Driver Responses to the AWARE Intrusion Alarm SystemAuthor/Presenter: Ullman, Gerald L.; Trout, Nada D.; Theiss, LuAnn
This study was conducted to assess how motorists approaching a simulated work zone with an AWARE alarm system would respond if the alarms are activated (and understand why they responded as they did), as compared to their reaction to an identical simulated work zone without an AWARE alarm activation. A demographically-balanced group of 63 drivers from the Bryan-College Station, Texas area were recruited to drive an instrumented vehicle around a test course created at the Texas A&M University Riverside Campus. During the traversal of the test course, study participants passed by two simulated shoulder work zones, the second of which included the AWARE alarm system that was activated for approximately three to four seconds as the participant approached and passed the work zone. Data were recorded regarding vehicle speed, amount of accelerator depression, amount of brake depression, and steering wheel angle at 10 hertz through a 450 foot segment approaching and passing by both work zones. Changes in each of the variables over that segment at each work zone were compared to determine if the AWARE alarm resulted in more dramatic responses by drivers, and whether those responses might adversely affect safety if occurring at real work zones. Participants were asked a series of questions at the end of the driving portion of the study to understand their thoughts about what the alarm meant and what a driver should do in response to the alarm.
Overall, very few statistically significant changes in behavior were detected in driver reactions to the AWARE alarm system relative to their reactions to an identical work zone where an AWARE alarm system was not present. On average, changes in speed approaching and passing by the work zones, changes in accelerator and brake depression levels, and steering wheel rotations were statistically similar when passing by both work zones, and indicated that the AWARE alarm activated at the second work zone did not have an adverse effect on driver behavior.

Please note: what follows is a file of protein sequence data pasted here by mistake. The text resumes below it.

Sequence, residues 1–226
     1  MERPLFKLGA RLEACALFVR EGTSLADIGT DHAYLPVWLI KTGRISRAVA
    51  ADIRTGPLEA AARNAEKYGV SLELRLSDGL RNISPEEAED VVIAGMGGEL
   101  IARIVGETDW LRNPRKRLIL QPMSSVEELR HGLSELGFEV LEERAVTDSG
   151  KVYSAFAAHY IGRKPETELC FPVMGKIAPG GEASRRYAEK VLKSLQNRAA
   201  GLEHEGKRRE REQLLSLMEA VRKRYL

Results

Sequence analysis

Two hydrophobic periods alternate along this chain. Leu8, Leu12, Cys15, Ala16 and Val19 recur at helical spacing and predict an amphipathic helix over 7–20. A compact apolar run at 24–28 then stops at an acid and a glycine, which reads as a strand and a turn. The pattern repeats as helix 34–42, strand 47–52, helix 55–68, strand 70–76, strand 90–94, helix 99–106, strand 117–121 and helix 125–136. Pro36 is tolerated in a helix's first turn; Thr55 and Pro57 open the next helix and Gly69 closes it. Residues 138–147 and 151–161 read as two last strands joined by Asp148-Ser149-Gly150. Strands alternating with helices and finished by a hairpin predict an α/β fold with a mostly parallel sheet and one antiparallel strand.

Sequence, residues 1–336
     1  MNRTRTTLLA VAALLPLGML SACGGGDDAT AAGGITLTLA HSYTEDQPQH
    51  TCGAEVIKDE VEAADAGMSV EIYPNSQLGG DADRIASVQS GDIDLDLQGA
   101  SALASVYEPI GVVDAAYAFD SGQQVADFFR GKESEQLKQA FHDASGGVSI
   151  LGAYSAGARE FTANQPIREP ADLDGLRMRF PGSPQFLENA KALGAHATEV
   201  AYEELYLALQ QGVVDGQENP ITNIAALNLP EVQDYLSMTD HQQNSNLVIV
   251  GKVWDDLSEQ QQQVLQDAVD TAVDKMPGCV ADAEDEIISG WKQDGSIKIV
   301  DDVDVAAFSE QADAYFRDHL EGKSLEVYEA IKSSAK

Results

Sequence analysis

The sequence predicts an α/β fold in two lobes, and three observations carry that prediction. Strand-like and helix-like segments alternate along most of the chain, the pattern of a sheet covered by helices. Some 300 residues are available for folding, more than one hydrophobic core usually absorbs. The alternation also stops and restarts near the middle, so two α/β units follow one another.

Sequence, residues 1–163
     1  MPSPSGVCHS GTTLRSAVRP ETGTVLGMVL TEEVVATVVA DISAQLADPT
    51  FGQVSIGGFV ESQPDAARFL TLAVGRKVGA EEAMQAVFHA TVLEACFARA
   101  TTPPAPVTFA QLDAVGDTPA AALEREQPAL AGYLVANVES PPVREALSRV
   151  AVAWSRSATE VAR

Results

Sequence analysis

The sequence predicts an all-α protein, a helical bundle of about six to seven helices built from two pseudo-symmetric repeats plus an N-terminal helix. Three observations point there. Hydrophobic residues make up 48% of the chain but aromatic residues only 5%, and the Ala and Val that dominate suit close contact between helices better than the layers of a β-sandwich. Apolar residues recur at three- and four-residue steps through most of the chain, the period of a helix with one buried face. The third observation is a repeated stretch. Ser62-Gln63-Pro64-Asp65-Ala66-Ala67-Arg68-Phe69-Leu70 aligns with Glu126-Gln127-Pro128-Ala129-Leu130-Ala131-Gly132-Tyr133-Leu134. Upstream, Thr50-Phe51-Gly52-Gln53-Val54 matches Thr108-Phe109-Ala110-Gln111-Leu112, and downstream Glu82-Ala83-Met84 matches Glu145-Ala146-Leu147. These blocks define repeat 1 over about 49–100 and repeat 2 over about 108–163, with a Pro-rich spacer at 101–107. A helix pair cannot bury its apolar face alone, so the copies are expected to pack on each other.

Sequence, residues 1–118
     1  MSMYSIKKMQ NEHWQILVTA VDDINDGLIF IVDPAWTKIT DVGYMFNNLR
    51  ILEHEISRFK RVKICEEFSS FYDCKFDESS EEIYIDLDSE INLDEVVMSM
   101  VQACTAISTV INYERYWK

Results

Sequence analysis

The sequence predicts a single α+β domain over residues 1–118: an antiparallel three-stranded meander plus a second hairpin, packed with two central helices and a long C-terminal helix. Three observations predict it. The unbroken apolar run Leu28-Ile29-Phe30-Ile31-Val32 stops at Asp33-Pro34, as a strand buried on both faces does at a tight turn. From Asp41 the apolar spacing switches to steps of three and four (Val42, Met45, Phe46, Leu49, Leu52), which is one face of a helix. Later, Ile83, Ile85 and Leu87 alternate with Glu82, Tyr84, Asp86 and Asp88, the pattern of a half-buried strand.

During the course of the studies, study administrators observed approximately 15 percent of the participants that appeared somewhat surprised by the activation of the AWARE alarm system, compared to the other 85 percent who did not display any outward reaction to the alarm when it was activated. Participant responses to the questions administered at the conclusion of the driving task indicated a common perception that the alarm was initiated to get them to slow down, which is one of the desired outcomes of the system. However, study administrators also found that many of the participants perceived the AWARE alarm as a police or emergency vehicle presence nearby. Furthermore, 50 percent of the participants who viewed the red/amber warning lights in combination with the audible alarm believed that they should have pulled over and stopped, which would be a proper response to a police or emergency vehicle. A somewhat smaller percentage (28 percent) who viewed the white flashing lights believed this would have been the proper response as well. It should be noted that none of the participants actually made this maneuver during the test, though.
Based on these findings, the researchers recommend utilizing the white flashing lights rather than red/amber lights on the AWARE alarm. Also, researchers recommend that the audible alarm component in the AWARE system be modified to better differentiate it from the sirens that are typically associated with police and emergency response vehicles. Specifically, changing the alarm to consist of short bursts (perhaps less than one second long), similar to how back-up alarms on construction equipment operate, may better ensure that approaching motorists do not misinterpret the alarm as an emergency vehicle siren.